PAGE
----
Heads up! Today, March 22, is the last day to order our Get Your Cray On shirts — perfect appreciation gifts for teachers! National Teacher Appreciation Week is May 7-11.
My mom is a teacher.
I feel proud to type that. Though she’s now retired, once a teacher, always a teacher — she carries that badge with honor, rushing to help or advocate for many causes to support the profession even though she no longer does the day-to-day work.
Continue reading 5 unique ideas for Teacher Appreciation Week
Hellooooo spring. We’ve missed you.
We may not be out of the cold weather woods just yet, but today, the first official day of spring, we have license to celebrate. We can start counting down to all the fun outdoor things — Spring Break, the last day of school, opening day of the local swimming pool, SUMMER. It’s just like the late actor Robin Williams said: “Spring is nature’s way of saying, ‘Let’s party!’”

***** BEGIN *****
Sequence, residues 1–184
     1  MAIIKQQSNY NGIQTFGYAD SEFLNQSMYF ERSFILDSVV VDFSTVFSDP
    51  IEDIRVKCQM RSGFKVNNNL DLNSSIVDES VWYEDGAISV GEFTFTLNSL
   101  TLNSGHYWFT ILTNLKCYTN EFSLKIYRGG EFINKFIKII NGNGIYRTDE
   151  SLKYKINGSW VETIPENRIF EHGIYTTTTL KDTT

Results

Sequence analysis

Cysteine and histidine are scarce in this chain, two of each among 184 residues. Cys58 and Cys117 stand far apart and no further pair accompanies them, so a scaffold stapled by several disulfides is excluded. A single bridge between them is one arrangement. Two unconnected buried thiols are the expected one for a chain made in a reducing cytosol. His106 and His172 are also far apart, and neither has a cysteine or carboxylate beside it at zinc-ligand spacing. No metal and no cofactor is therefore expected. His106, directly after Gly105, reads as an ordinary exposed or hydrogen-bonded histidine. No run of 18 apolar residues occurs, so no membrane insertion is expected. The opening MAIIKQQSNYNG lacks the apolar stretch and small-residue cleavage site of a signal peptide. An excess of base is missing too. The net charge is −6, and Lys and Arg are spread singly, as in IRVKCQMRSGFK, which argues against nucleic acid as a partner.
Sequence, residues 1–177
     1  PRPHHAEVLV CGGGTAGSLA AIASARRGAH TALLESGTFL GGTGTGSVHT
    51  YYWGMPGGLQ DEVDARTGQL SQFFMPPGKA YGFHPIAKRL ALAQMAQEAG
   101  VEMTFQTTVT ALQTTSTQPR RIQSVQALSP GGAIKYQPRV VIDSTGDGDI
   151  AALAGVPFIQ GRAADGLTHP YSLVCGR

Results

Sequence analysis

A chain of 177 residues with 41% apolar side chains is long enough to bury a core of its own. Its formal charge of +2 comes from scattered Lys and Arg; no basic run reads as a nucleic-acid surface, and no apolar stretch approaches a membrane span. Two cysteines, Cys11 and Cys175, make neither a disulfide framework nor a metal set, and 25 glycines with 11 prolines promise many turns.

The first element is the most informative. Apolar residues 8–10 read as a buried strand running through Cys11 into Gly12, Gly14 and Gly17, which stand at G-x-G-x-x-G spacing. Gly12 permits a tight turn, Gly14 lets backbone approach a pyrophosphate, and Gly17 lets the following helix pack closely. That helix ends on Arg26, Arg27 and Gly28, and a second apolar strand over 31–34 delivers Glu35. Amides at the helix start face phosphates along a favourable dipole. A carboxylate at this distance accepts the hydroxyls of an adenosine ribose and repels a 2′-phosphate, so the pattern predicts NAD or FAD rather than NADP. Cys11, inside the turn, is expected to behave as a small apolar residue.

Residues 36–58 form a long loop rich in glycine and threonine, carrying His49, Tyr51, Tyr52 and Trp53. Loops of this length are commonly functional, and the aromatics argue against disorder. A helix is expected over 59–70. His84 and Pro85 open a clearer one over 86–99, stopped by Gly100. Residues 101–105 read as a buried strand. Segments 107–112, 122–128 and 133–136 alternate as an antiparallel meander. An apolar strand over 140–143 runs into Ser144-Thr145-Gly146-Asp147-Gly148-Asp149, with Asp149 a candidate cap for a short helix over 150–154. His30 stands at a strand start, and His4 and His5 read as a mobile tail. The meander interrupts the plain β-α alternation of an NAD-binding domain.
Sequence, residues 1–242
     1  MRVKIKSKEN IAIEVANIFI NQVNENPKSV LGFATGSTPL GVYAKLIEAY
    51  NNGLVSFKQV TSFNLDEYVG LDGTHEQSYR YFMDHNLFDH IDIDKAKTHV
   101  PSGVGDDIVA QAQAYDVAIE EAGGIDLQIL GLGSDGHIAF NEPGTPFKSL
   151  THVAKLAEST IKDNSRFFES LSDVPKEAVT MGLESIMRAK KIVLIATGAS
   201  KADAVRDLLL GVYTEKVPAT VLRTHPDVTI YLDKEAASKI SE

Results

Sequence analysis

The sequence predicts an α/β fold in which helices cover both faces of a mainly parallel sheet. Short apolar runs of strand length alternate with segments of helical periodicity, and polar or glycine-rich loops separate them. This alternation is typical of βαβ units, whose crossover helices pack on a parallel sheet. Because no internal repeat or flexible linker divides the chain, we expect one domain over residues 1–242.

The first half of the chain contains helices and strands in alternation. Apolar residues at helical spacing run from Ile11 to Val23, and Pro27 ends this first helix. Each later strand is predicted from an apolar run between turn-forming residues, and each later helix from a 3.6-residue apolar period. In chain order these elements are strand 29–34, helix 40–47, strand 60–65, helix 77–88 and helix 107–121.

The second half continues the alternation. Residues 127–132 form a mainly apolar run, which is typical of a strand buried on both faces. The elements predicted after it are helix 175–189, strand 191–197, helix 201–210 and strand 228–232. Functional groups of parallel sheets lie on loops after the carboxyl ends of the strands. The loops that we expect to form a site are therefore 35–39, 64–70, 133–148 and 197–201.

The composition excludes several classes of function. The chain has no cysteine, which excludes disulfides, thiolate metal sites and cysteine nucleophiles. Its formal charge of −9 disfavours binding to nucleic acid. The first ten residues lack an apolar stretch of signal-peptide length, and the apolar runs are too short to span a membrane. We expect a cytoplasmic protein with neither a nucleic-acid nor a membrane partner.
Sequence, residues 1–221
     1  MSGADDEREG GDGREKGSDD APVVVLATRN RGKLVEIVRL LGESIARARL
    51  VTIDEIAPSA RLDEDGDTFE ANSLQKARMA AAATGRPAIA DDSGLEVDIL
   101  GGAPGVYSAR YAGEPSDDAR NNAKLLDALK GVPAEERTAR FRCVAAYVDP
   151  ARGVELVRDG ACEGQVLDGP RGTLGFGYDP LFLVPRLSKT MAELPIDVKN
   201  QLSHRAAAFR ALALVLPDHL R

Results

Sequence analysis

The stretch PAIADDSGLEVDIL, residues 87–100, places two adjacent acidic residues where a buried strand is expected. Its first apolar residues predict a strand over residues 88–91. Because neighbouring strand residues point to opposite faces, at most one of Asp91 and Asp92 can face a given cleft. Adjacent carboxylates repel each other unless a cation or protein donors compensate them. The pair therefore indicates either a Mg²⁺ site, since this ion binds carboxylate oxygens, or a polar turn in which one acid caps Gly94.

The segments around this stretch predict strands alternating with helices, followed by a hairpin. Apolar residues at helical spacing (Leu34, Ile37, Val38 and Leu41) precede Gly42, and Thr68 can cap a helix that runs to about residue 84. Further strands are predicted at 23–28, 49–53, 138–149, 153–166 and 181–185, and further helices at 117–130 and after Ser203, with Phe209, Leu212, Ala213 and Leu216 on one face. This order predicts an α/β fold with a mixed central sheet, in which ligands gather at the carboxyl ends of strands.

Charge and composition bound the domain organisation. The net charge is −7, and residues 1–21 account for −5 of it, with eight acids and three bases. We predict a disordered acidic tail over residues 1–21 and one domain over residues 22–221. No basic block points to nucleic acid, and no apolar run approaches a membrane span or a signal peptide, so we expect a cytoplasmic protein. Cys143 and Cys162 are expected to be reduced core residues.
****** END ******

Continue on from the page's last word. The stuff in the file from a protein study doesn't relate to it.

Continue reading Why we should encourage children to play outdoors
It’s that time of year again when parents and children across the country are preparing to go back to school.
August is designated as Back-to-School Safety Month, and we want to remind motorists to be extra careful at all times.
Follow the tips below to make sure you keep your children safe while walking and biking to school:
School Zone Driving Safety Tips
- Be on the lookout for school zone signals and ALWAYS obey the speed limits.
- When entering a school zone, be sure to slow down and obey all traffic laws.
- Always stop for school busses that are loading or unloading children.
- Watch out for school crossing guards and obey their signals.
- Be aware of and watch out for children near schools, bus stops, sidewalks, in the streets, in school parking lots, etc.
- Never pass other vehicles while driving in a school zone.
- Never change lanes while driving in a school zone.
- Never make U-Turns while driving in a school zone.